The truth is, it hasn’t been you. It’s been me. No, really. It may be July, but outside my kitchen window, my new hostas are being splattered with rain. Likewise, the last few months have been pretty rain-splattered for me, if I may speak in symbols (and I may, since I am an editor-writer and did major in English; altogether, I have license). You see, I had a loss in April. A very, very big, painful loss, which I won’t ever be able to describe and don’t want to. To make the story short, I have been a grieving mother. I wish I could tell you more, because I’m sure some of you have suffered equally. But I hope that you’ll understand that it’s very hard, even now, to talk about, to think about, to still be experiencing. And going into depth, well, might make me sort of sink (did you like that analogy, too? Get it? Depth–sinking–like in a pool).

Anyway, I thought and thought and thought about whether to tell you, not to tell you, suddenly appear in the dark of night with some new, passionate post about how I’ve gone to pick strawberries at a you-pick farm three times in the last three weeks and have made jam for the first time, and isn’t summer glorious and all that, and take a look at my first garden, my broccoli is enormous. But I felt like this absence…I felt like I should at least say something. I’m also trying to see at least one positive angle look on this mother’s cross of a challenge, which is that sometime, someone will read this very post and be in similar pain and ask for help. And I’m hoping that at that time, I will be able to help.

But enough about that. What I can also say is that I’ve returned, I’m hoping, for good. There’s a lot of food to be talked about, so we will. After all, this is a site about food! And loving it. Doesn’t salt balance chocolate and honey and lime love each other? So I suppose we must have some bitter and some sweet, even on a food blog. But let’s stick mostly to sweet, okay? Deal.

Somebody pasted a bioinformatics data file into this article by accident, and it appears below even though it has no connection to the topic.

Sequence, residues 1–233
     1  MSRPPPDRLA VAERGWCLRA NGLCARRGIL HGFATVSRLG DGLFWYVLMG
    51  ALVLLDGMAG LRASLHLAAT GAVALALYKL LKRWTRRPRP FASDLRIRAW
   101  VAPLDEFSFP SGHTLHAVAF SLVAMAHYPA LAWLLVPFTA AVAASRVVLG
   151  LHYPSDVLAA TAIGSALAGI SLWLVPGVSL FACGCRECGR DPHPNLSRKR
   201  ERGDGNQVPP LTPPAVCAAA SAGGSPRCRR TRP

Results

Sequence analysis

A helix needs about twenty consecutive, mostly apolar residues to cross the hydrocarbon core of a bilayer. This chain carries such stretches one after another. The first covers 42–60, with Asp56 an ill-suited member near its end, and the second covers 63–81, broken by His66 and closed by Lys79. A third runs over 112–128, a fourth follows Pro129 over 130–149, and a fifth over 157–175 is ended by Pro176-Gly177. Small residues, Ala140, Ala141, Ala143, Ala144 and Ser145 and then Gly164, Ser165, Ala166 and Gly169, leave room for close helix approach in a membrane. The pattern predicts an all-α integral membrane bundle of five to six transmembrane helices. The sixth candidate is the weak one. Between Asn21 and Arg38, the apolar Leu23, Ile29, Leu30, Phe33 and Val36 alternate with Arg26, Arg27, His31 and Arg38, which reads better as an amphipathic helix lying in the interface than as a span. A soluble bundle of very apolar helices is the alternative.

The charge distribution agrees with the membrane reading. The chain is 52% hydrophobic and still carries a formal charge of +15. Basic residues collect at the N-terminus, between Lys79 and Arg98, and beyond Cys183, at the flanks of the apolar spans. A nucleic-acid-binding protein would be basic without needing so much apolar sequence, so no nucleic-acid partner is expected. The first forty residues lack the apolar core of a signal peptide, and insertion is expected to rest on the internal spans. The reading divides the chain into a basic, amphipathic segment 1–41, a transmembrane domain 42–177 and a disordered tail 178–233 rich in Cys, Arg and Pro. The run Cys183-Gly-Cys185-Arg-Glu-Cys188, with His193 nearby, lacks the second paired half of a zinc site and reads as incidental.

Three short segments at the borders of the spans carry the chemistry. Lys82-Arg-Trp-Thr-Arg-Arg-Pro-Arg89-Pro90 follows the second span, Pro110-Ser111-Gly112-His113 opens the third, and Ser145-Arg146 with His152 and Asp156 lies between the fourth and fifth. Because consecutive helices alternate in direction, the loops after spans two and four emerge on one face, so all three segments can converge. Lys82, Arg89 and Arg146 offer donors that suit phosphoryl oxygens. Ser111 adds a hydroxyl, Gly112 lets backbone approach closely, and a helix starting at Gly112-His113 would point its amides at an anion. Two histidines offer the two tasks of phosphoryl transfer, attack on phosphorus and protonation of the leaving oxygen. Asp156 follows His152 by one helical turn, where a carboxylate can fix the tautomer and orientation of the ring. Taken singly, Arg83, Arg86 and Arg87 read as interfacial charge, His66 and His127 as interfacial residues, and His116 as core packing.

And now. Something simple, not even a recipe, but a discovery. Some background: fruit and chocolate are good friends. We know it from the depths of our chocolate-covered-strawberry hearts, from the shores of fondue pools to the banks of rasperry hot chocolate (my way of putting in some patriotic words in place of posting for the Fourth). And yet…Nutella…and cherries? Yes, of course! And one day, in a fit of hunger and a greedy abundance of cherries (see thrice-picking of strawberries, above), I thought, “Need whole grains. Toast. Check. Need protein…Nutella…not really, but close enough. Need…cherries? Yes, cherries!” And there you have it, my entire revelation, which, if you were here, you’d know about in five seconds instead of reading it in thirty. But it needed a story; I couldn’t very well say, “Hey, you should put Nutella on your whole-wheat toast and then put sliced cherries on top. And eat it.” On the other hand, I just did.

The case, evidence as dark as ever.

The case, evidence as dark as ever.

The judgment. It was a righteous judgment. I continued to judge.

The judgment. It was a righteous judgment. I continued to judge.

-Erin

Spring indeed

24 Mar
Everything is better in a heart-shaped bowl.
Everything is better in a heart-shaped bowl.